ASSEMBLY STANDING COMMITTEE ON CONSUMER AFFAIRS AND PROTECTION
ASSEMBLY STANDING COMMITTEE ON JUDICIARY
ASSEMBLY STANDING COMMITTEE ON BANKS
NOTICE OF PUBLIC HEARING
Assembly Hearing Room 1923, 19th Floor
The continued rise in consumer complaints against debt collectors and recent reports documenting the use of unfair and deceptive practices by certain entities providing debt management services highlight the need to consider additional consumer protections in the debt collection and debt management industries. Consumer complaints received by the Federal Trade Commission regarding third-party debt collectors grew for the eleventh consecutive year in 2008, and consumers filed with the Commission more complaints against third-party collectors than against any other specific industry. The New York City Department of Consumer Affairs recently announced that debt collection complaints topped the Department's annual complaint list for the first time in the agency's forty-year history in 2008.
Entities that offer to enroll consumers in debt management plans, such as credit counseling agencies and debt management companies, are required to be licensed by the Banking Department pursuant to Article 28-B of the General Business Law and Article 12-C of the Banking Law. In recent years, several reports have raised concerns about the practices of entities offering debt management services, including the failure of certain entities to provide meaningful financial education to clients, the increasing use of the Internet and other advertising media to aggressively market debt management services to consumers, and an increase in the number of debt management entities, particularly debt settlement companies, operating without a license. The Legislature has acted recently to curtail abusive debt collection practices with the Exempt Income Protection Act.
This hearing will examine how the State can best protect consumers from unfair and deceptive practices in the debt collection and debt management industries. The hearing will also review the recent dramatic increase in lawsuits, many of which are reported to lack sufficient evidentiary basis, brought by debt collection attorneys and debt buyers against consumers and the need for a legislative response to this situation.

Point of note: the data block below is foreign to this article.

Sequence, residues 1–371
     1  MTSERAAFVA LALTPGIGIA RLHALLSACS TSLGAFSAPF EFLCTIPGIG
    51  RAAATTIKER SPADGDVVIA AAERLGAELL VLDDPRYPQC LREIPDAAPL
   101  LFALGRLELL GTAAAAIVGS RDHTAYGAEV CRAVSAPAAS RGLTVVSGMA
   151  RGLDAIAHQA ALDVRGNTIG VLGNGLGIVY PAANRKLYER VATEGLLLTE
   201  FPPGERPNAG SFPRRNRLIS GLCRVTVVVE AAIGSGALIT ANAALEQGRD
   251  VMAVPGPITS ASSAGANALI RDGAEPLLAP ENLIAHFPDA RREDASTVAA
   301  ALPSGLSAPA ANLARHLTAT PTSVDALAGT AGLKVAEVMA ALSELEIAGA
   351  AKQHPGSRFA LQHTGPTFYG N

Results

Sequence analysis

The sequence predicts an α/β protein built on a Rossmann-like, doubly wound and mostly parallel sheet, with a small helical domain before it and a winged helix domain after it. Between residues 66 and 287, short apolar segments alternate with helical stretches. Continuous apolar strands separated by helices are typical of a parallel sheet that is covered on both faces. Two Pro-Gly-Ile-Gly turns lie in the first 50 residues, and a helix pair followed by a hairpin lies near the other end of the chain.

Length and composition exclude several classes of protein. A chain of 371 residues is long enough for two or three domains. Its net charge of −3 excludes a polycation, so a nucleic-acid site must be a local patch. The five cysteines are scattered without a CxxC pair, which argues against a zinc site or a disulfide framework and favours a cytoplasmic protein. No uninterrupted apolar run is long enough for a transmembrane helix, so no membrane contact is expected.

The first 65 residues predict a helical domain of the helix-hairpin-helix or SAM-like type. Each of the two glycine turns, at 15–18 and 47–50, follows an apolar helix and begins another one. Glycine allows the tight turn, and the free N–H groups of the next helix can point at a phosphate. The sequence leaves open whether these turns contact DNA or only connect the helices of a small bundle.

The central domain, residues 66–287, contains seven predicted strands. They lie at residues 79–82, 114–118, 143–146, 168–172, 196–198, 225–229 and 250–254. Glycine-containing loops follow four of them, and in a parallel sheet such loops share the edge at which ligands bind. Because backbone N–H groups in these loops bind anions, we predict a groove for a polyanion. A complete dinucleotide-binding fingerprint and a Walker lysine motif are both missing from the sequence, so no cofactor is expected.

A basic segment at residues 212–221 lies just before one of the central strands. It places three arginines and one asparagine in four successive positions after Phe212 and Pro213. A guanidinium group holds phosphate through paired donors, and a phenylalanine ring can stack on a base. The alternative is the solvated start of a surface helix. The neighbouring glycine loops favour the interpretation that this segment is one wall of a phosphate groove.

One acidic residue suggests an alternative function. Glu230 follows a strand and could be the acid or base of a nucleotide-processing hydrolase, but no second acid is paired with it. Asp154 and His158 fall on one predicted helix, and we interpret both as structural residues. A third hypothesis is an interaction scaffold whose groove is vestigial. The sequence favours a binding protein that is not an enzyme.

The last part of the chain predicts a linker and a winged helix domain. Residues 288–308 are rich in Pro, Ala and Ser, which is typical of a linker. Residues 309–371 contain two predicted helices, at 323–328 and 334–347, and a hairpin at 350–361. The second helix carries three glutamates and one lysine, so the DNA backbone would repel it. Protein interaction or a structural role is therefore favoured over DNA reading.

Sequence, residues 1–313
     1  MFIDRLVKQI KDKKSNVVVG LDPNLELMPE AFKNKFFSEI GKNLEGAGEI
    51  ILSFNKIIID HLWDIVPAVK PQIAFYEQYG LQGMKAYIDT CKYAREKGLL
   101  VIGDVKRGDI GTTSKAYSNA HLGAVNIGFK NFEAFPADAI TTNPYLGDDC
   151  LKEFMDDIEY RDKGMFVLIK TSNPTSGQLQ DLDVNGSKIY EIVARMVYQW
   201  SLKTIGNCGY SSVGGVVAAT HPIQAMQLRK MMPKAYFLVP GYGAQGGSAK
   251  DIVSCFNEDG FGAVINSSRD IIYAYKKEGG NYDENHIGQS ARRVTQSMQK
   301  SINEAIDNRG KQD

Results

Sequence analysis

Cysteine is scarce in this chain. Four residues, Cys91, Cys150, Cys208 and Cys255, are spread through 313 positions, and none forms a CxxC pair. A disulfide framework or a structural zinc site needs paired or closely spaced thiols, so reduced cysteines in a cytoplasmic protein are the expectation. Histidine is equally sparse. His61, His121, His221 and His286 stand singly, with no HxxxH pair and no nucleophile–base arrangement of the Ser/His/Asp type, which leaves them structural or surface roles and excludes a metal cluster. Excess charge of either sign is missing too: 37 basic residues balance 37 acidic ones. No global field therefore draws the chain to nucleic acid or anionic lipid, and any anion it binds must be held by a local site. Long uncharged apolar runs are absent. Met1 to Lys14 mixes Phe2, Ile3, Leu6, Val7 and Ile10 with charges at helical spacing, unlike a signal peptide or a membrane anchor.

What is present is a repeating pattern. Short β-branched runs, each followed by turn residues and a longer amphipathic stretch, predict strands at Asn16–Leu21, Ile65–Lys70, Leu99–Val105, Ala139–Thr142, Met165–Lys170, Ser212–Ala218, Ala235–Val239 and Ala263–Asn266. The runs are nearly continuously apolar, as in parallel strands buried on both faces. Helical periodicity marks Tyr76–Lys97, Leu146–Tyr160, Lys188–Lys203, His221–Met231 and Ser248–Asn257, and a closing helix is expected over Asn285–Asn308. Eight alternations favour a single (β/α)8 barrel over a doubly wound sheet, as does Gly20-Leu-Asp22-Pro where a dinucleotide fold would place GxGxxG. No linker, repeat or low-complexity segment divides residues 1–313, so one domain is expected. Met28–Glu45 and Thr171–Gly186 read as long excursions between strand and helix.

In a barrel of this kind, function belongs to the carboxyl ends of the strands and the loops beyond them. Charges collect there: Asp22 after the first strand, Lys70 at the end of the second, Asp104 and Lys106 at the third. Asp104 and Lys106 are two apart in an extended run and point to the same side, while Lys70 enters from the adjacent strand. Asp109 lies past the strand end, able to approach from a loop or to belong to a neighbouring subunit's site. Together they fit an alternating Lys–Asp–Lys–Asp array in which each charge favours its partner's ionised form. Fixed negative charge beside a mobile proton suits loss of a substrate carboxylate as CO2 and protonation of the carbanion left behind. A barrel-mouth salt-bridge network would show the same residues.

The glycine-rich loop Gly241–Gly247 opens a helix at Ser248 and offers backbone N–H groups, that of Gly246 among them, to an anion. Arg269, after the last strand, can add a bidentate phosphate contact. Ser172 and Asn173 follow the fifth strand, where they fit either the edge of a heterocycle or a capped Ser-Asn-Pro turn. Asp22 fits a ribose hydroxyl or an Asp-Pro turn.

Please see the reverse side for a list of questions in response to which witnesses may direct their testimony.
Assemblyman Darryl C. Towns,
Chair, Committee on Banks
In order to meet the needs of those who may have a disability, the Assembly, in accordance with their policy of non-discrimination on the basis of disability, as well as the 1990 Americans with Disabilities Act (ADA), has made its facilities and services available to all individuals with disabilities. For individuals with disabilities, accommodations will be provided, upon reasonable request, to afford such individuals access and admission to Senate and Assembly facilities and activities.
SELECTED ISSUES TO WHICH WITNESSES MAY DIRECT THEIR TESTIMONY:
Should New York State license third-party debt collectors and debt buyers, as proposed in Assembly bill A.3926-A [Pheffer]?
Should New York State require debt collectors seeking to collect a time-barred debt to disclose such fact to the consumer?
What actions have other states taken to protect consumers from unfair and deceptive debt collection and debt management practices?
Should New York State explicitly prohibit debt management plans that encourage consumers to stop paying creditors and accumulate funds in a separate account in anticipation of achieving concessions from creditors, often referred to as debt settlement plans?
How can the Legislature enhance the Attorney General's ability to enforce the existing prohibition against unlicensed debt management activity?
What practices and procedures do entities that provide debt management services have in place to ensure compliance with applicable federal and state laws?
How has the enactment of the Bankruptcy Abuse Prevention and Consumer Protection Act of 2005 affected the debt management industry?
Should New York State enact the Uniform Debt Management Services Act, as proposed in Assembly bill A.7268 [Pheffer]?
Should New York State change civil procedure for debt collection actions concerning consumer debts as proposed in A.7558 [Weinstein]?
Should New York State ban the practice of collecting time barred debts where the statute of limitations has expired? Should the statute of limitations be shortened in consumer debt cases?
Should consumers have a private right of action to remedy improper debt collection practices under state law, as proposed in A.3532 [Gianaris]?